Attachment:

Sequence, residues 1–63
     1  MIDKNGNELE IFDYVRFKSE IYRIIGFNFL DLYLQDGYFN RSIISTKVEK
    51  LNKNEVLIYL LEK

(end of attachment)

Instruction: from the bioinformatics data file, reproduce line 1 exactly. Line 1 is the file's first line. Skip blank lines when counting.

Sequence, residues 1–63